We are in the swing of summer now, and when the sun is hot, it’s the perfect time to stay cool with shady characters. Crime books make for great beach reads, and there’s nothing cooler than noir fiction. If you are unfamiliar with noir, it’s a popular subset of the crime fiction genre. According to the definition by Merriam-Webster’s dictionary, noir is “crime fiction featuring hard-boiled cynical characters and bleak sleazy settings.” Think The Big Sleep by Raymond Chandler or Devil in a Blue Dress by Walter Mosley. There’s usually a lot of witty dialogue and hard luck characters getting roped into morally gray plots and making questionable decisions. And crime. There’s always crime, which is great because crime fiction books make for fun escapism. That is why we’ve created this list of four great new noir books for crime readers, just in time for the summer. So practice your best Humphrey Bogart impression and get ready to root for the underdog.
Riley Sager is one of the most popular crime fiction authors of the last decade! In his latest novel, it's November of 1991 and college student Charlie Jordan needs to find a ride home to Ohio. Her best friend has become the latest victim of the Campus Killer, and she is grieving deeply. She finds a ride share companion in Josh Baxter, who needs to get back home to care for his ailing father. The trip starts out fine. But as the night goes on, the car companions talk more, and Josh's stories seem full of holes. Charlie begins to wonder if she is speeding down the freeway to her death with a serial killer at the wheel.
Related: Mystery Suspense Meets Dark Academia
In Silvia Moreno-Garcia's latest book, she brings readers to Mexico City in the 1970s, where a young woman attempts to solve the disappearance of her neighbor. Maite has always admired her next-door neighbor, Leonora, a beautiful art student. But when Leonora doesn't return home one day, Maite begins to look into her disappearance. What she uncovers leads her deep into Leonora's secret life as a student radical and dissident, and puts her in the sights of a pacifist stranger named Elvis also looking for Leonora, as well as straight into the path of danger.
Jonathan Ames may be best known as the creator of HBO's Bored to Death, the series about a young writer (also named Jonathan Ames) who moonlights as an unlicensed private detective in Brooklyn. Now Ames returns to writing novels with a new private investigator on the West Coast: Happy Doll. Doll is a veteran of both the Navy and LAPD who lives in Hollywood with his beloved dog, George. He works as a detective for hire, as well as security at a spa, protecting the women who work there from the clients. But things take a dark turn when an incident at work goes wrong and an old colleague shows up injured on his doorstep. Is Doll in over his head?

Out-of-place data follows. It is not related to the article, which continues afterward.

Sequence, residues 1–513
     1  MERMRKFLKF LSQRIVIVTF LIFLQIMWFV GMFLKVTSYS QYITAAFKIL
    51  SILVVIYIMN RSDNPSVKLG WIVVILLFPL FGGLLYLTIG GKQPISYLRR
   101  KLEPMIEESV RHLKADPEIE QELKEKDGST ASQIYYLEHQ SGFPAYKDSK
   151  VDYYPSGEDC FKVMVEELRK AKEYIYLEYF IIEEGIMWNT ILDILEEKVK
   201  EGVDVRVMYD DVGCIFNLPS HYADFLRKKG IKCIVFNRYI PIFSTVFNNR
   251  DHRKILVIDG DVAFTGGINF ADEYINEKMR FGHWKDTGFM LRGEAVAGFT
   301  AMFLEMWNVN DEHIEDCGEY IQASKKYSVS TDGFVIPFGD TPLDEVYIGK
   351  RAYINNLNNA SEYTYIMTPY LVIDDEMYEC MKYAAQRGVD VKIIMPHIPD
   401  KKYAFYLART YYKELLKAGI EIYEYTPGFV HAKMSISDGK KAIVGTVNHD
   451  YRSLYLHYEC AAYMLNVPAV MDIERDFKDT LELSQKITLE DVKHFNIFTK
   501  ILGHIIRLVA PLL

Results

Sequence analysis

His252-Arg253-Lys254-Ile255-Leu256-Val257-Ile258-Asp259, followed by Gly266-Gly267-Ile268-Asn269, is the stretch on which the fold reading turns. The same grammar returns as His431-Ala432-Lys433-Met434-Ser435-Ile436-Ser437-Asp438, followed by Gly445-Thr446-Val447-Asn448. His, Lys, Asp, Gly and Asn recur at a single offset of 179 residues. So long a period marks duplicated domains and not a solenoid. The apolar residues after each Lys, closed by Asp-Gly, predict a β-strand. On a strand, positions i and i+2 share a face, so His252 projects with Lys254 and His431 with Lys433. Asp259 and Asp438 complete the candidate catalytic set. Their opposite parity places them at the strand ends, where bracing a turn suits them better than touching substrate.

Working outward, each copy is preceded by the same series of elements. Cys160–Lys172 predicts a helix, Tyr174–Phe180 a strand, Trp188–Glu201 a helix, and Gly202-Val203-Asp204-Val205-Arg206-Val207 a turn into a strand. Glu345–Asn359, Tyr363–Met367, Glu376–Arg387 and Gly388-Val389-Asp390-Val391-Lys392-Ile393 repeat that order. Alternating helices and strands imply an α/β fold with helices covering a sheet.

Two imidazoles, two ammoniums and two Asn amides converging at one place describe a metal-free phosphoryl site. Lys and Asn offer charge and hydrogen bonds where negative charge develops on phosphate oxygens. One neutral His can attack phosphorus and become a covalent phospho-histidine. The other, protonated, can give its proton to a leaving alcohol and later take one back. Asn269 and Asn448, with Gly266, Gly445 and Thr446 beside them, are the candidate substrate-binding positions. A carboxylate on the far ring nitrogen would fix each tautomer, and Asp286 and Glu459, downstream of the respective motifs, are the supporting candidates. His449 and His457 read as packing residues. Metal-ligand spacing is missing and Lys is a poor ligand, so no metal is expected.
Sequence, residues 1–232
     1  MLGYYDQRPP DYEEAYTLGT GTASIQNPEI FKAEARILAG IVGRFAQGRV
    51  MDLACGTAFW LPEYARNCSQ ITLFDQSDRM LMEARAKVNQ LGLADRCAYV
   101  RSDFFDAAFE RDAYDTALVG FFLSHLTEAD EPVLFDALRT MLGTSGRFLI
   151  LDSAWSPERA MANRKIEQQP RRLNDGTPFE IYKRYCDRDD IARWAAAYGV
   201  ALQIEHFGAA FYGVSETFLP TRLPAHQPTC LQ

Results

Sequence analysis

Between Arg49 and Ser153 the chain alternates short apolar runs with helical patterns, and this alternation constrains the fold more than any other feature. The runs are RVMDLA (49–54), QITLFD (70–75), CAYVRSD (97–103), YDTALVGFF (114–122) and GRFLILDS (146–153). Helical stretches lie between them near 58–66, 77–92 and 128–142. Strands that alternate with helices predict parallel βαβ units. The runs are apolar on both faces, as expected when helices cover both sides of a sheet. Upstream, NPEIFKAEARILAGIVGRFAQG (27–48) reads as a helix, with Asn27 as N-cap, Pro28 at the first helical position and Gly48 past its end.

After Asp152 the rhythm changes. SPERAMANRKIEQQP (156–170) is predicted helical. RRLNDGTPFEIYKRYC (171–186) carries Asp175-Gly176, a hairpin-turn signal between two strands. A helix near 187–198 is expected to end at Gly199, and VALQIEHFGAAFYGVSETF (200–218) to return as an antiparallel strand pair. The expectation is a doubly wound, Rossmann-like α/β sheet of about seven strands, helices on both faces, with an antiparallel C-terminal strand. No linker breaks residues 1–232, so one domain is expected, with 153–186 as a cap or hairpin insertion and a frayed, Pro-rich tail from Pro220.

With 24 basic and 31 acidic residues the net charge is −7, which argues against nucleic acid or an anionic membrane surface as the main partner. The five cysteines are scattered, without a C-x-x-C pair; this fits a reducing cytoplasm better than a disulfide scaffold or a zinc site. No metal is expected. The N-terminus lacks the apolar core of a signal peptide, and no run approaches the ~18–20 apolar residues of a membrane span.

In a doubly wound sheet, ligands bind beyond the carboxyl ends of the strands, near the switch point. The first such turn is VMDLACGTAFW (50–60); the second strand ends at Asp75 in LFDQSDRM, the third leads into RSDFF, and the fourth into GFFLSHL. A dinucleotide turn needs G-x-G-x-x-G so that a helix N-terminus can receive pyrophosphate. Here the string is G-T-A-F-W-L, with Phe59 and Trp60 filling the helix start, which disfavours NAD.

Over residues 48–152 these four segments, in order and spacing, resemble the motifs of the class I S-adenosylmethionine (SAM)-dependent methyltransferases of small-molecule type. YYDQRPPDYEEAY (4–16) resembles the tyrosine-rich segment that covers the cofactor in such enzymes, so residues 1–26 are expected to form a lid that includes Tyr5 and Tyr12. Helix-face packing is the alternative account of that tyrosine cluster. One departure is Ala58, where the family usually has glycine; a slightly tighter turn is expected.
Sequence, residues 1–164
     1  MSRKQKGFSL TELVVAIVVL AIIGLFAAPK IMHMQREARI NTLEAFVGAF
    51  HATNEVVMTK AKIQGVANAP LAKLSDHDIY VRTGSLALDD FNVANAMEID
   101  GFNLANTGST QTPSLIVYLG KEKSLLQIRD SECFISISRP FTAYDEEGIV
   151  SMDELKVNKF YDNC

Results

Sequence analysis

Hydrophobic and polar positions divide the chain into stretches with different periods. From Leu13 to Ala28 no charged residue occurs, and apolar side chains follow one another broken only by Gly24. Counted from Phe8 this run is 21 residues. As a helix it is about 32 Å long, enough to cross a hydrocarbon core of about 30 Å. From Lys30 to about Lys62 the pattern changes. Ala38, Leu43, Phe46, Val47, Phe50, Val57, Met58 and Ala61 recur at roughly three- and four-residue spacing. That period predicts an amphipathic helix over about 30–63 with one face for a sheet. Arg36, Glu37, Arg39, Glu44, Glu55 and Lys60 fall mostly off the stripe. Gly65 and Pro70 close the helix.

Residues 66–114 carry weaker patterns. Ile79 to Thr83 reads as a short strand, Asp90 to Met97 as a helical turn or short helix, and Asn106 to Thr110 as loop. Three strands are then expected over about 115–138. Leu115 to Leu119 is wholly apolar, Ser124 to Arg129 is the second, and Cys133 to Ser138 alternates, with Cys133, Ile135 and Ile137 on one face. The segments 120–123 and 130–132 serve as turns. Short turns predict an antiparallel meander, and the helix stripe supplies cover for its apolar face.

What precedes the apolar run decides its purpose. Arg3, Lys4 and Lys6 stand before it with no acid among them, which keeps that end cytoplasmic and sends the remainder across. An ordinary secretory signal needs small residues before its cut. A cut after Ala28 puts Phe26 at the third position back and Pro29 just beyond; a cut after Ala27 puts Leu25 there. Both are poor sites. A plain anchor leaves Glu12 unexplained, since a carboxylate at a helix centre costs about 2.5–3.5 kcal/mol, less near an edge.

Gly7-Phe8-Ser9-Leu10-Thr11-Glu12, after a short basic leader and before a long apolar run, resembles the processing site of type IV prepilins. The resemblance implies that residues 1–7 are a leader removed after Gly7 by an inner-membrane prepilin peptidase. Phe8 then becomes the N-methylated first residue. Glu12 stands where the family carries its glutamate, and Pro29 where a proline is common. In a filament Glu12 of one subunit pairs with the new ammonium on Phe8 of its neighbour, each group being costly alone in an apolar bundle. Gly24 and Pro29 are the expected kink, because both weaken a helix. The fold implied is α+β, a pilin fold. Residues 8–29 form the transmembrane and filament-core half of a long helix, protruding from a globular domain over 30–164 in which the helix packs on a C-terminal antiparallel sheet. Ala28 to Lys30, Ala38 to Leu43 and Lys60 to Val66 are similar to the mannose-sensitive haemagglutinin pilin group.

Joette Harper thinks her financial troubles are over when she finds a bag stuffed with cash at the sight of a fatal car wreck. But as anyone who has watched a movie or read a book knows, free money is never free, and the dangerous owner of the $300,000 comes looking for what belongs to him. Joette knows keeping the money is wrong, but it would solve all her problems. So she winds up on the run in a thrilling cat-and-mouse game as she tries to figure out how to keep the cash—and her life.
Hollywood, 1947. Jack Shannon, a former actor whose promising career was interrupted by the war and ended by a facial scar sustained in combat, is now a studio publicist. He jokes that the only thing he knows about publicity is how to suppress it, but that, in fact, is his real job. He's a fixer who babysits the studio's stars and covers up their bad behavior. Everything changes for Jack when Savannah Stevens enters his life.
A sexpot star in the mold of Jean Harlow and the studio's biggest box-office draw, she's a deeply troubled young woman given to emotional breakdowns, unexplained absences from the set, and time-devouring delays occasioned by her paralyzing insecurities and her insistence on dozens of takes. Jack's job is to stay with her 24/7, deliver her to the set on time each day, and make sure she completes her current picture, a picture on which the future of the studio depends. All goes well until Savannah disappears, and Jack is assigned the task of finding her...without revealing to anyone, including the police, that she is missing.
What to Read Next